Weather bureau senior forecaster Scott Williams said Melbourne had not received above-average rainfall since 1996, when 777mm was recorded. "That was also the last time our water storages were above 80 per cent," he said. Melbourne's water levels stand at 38.9 per cent. Regional centres were even drier last year. Shepparton recorded a record low of just 183mm -- about a third of the 563mm annual average. In Albury-Wodonga, 290mm of rain fell in 2006 -- not even half the 737mm average. Ballarat, too, registered its lowest total with a mere 302mm, Bendigo had just 326mm. Other towns to have record lows include Nhill, Nathalia, Dookie, Benalla, Dargo, Drouin and Bonnie Doon. But yesterday brought fresh hope with scattered storms across the state. Maryborough had 11mm and Lake Eildon 4mm in the six hours to 3pm. And Licola, the tiny alpine town in the line of bushfires last month, enjoyed a New Year's Eve downpour of 28mm.


REALLY light cars could help with any energy crunch

According to the Peak Oil theorists, we are rapidly approaching the halfway point of world oil consumption. Since the second half of the world's oil supply is harder to get to than the first half, we can expect production to taper off long before the oil runs out. If the Peak Oil folks are right, the tapering off could begin any day now. And this is where things get silly. Many in the Peak Oil community are saying that the drop in oil production will cause civilization to collapse, that we not only won't be able to drive, but we won't have plastics, medicines, or even coal (since oil burning machines are used to mine coal).

On the other hand, the fear mongers are correct in noting that many of the proposed alternatives to fossil based oil are inadequate. The "hydrogen economy" is very impractical, dangerous, and expensive. Running our massive auto fleet on ethanol from corn would be devastating to the environment. Upgrading our public transportation system to European standards would be a gigantic capital expense for a bankrupt government, and would make this country more vulnerable to terrorists to boot.

There are easier solutions. Consider the typical American car. It is three to four thousand pounds of steel with a power plant capable of accelerating all that steel to interstate highway speeds in less than ten seconds. This is incredible overkill for propelling one or two people down a city street. Under city conditions, the giant power plant is barely running above idle; most of the energy burned is just for keeping the engine running. For someone living inside a city, the performance characteristics of a modern automobile are unnecessary 90+ percent of the time. A vehicle with Model T capabilities would be quite adequate. There is no need to surpass 30 mph on a city street.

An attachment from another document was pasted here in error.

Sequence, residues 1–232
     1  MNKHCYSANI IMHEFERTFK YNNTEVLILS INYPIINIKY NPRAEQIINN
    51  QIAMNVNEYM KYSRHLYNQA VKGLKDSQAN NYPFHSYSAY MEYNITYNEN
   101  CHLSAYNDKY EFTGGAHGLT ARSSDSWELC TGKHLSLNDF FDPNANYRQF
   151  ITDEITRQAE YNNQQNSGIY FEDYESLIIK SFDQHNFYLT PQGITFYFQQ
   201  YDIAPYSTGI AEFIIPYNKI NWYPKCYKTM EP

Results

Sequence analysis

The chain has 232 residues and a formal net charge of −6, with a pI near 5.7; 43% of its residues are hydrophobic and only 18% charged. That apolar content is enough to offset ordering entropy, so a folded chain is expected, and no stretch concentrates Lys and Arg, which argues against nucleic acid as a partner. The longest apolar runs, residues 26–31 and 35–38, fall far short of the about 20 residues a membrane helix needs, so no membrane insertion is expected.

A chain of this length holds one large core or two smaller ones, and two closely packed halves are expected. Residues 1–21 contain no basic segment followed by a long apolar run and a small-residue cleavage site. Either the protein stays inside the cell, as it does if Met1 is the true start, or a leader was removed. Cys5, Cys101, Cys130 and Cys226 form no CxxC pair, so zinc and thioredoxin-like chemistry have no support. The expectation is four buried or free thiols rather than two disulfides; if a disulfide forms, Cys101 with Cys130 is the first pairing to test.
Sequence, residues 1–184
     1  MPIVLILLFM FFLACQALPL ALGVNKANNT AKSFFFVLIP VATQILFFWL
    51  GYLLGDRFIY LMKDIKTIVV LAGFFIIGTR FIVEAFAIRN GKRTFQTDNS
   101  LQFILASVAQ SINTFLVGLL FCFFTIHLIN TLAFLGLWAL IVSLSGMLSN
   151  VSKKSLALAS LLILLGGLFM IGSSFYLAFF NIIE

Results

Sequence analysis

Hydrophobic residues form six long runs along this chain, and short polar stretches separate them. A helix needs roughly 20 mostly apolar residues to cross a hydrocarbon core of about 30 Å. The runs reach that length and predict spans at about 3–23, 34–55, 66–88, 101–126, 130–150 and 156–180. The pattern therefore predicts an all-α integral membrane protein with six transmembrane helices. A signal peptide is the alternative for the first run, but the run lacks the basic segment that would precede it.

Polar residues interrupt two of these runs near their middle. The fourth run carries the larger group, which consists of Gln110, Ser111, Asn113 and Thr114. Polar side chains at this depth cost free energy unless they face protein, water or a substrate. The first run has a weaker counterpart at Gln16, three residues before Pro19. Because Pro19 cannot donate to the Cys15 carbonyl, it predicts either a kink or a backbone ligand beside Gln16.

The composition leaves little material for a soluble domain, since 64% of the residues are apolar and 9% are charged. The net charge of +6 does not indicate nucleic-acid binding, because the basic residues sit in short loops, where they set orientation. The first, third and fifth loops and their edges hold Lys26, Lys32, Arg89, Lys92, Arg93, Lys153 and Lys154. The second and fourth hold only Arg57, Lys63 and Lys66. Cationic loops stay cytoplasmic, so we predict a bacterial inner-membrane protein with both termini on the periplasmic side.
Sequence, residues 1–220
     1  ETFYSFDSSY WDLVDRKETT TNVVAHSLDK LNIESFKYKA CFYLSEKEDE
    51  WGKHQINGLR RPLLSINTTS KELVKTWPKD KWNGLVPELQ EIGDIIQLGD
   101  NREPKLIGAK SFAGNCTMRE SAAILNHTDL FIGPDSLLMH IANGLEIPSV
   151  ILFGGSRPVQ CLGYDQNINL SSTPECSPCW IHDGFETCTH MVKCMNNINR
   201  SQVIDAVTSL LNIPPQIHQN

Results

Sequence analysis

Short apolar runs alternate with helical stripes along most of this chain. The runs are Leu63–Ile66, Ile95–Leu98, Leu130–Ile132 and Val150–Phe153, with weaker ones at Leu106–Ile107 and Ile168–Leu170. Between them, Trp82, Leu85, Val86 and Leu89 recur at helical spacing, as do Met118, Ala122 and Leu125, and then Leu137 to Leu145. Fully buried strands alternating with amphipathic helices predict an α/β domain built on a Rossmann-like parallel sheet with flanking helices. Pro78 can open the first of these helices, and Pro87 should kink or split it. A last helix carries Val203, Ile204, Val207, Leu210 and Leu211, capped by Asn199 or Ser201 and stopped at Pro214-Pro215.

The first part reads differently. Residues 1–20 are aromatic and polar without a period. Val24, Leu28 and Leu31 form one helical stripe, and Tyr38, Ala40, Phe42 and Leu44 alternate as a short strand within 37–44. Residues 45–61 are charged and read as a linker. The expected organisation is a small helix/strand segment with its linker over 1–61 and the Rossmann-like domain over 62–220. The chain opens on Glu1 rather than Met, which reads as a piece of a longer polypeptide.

Now, imagine building a car with Model T performance using modern materials - say, a tubular aluminum frame with a fabric covering - and a modern, efficient small engine. Such a vehicle could be propelled with ethanol or vegetable oil without over-farming the planet. But who would buy such a vehicle today? You would still need another vehicle for highway driving, or carrying more passengers and/or cargo. Shared ownership or rent-as-needed would work, but they are hardly worth the inconvenience when gasoline is under $3 per gallon.

This brings me back to the subject of New Year's Eve. It is rather dangerous putting a drunk behind the wheel of a 3000 pound car powered by 200 horses. But what about putting that drunk behind the wheel of a vehicle that is 1/5 the weight, and capable of going no faster than half interstate speed? This is a twenty fold reduction in kinetic energy! We could even equip our city cars with crushable foam bumpers or exterior air bags. To make such vehicles popular now, we need a separate licensing class. Make the vehicles illegal for highway use, but legal in the hands of those we don't trust with a full featured automobile: the drunk, the reckless and the aged.



Many people would like to be kind to others so Leftists exploit that with their nonsense about equality. Most people want a clean, green environment so Greenies exploit that by inventing all sorts of far-fetched threats to the environment. But for both, the real motive is generally to promote themselves as wiser and better than everyone else, truth regardless.

Global warming has taken the place of Communism as an absurdity that "liberals" will defend to the death regardless of the evidence showing its folly. Evidence never has mattered to real Leftists